Nell was never supplied with any intellectual stimulation as a child. Her intellectual abilities are underdeveloped. Although, she would likely fail an IQ test, she is very intelligent if examined closely. She can acquire and apply knowledge very easily. Through the short months Dr. Lovell interacted with her, Nell learnt a lot of new knowledge and applied it when communicating and when she entered society (the town). According to Jean Piaget’s stages of intellectual development, Nell would be in stage one, which is the sensory-motor period. She uses her muscles and senses to make things happen such as chopping wood or carving items. She was fascinated when she held a leaf up to the light and she could see the shadow of her hand through it. She can not understand why and how it is possible. She has trouble understanding the concept of a mirror. Her childhood as a “pioneer” or “hermit” without and electricity, running water, intellectual stimulation, or an intelligent parent has played a significant factor in Nell’s intelligence.
According to Lawrence Kohlberg, Nell moral development begins at stage three, and near the end of the movie in the courtroom scene she displays a stage six morality.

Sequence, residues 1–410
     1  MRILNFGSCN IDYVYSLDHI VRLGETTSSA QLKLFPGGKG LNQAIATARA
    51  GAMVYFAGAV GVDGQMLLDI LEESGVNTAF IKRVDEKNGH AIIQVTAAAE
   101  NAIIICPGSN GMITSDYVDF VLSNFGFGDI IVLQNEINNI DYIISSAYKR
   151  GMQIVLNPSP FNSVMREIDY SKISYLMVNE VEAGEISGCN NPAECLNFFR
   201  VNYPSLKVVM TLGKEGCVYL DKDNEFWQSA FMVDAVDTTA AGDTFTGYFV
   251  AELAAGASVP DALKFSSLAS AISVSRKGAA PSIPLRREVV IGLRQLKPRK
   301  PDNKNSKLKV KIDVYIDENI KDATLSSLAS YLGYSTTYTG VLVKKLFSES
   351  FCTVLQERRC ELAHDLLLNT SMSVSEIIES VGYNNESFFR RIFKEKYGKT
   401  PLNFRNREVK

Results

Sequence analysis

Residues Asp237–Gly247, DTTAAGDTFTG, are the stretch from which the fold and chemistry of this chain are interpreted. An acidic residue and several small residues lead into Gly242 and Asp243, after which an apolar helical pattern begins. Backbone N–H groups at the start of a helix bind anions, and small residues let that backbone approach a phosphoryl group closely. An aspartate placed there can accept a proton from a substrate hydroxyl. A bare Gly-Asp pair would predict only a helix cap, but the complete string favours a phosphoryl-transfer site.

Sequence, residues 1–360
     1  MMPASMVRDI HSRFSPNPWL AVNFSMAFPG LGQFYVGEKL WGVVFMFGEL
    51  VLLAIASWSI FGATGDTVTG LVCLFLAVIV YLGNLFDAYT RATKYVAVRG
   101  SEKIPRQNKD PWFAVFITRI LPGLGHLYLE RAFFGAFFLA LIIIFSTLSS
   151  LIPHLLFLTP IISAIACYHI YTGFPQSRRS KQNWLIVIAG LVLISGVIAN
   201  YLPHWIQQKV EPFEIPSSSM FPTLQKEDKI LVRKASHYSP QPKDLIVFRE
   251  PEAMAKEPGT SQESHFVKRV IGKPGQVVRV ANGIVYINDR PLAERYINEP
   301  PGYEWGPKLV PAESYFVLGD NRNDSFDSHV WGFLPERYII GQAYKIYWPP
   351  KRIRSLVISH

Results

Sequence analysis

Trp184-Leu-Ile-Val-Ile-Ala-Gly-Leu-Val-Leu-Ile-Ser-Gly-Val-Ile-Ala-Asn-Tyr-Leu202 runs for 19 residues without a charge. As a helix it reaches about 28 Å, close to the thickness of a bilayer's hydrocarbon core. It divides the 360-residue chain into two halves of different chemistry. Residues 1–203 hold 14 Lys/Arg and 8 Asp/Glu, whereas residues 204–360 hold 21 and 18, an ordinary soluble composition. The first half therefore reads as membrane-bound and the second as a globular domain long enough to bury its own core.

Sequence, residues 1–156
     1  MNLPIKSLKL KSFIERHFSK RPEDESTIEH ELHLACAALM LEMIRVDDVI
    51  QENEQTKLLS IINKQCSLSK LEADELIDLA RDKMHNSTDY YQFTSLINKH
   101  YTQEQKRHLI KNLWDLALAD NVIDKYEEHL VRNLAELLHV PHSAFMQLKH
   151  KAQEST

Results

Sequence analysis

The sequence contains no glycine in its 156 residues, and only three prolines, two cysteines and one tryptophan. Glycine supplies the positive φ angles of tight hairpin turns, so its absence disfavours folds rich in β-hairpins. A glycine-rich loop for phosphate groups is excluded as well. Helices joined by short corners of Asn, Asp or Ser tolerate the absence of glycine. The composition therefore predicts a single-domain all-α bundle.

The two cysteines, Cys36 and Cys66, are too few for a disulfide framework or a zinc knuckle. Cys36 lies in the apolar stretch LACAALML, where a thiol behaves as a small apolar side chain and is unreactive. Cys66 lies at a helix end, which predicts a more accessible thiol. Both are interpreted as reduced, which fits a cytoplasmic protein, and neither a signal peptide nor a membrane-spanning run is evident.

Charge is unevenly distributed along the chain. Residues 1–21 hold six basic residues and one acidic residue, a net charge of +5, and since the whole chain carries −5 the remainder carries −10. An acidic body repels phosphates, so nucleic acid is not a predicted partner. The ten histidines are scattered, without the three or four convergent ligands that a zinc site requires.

She will not go outside during the day because her mother told her not too. She is used to trying to please her mother and to avoid her disapproval; she bases her decision making on what her mother always wanted. During the courtroom scene, she begins to speak what she feels about her new life. She says, “since my mom died, I’ve been alone, afraid, everyone’s frightened everywhere, the sweet lord soothes our tears? You don’t look into each other’s eyes and you are hungry for quietness?I have no greater sorrows than you?” She says what she believes is right and what the truth is. She’s reconnecting people with their disowned aspects of their personalities.” It is Nell’s inability to communicate in words that allows her to, paradoxically, communicate with others in a richer, deeper way. She does not understand the laws and what is accepted in society such as when she bares her breasts at the bar.